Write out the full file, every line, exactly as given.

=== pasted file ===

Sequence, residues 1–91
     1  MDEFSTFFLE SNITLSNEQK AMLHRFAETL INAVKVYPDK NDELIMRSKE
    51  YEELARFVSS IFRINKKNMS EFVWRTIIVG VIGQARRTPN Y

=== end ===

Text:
Sequence, residues 1–91
     1  MDEFSTFFLE SNITLSNEQK AMLHRFAETL INAVKVYPDK NDELIMRSKE
    51  YEELARFVSS IFRINKKNMS EFVWRTIIVG VIGQARRTPN Y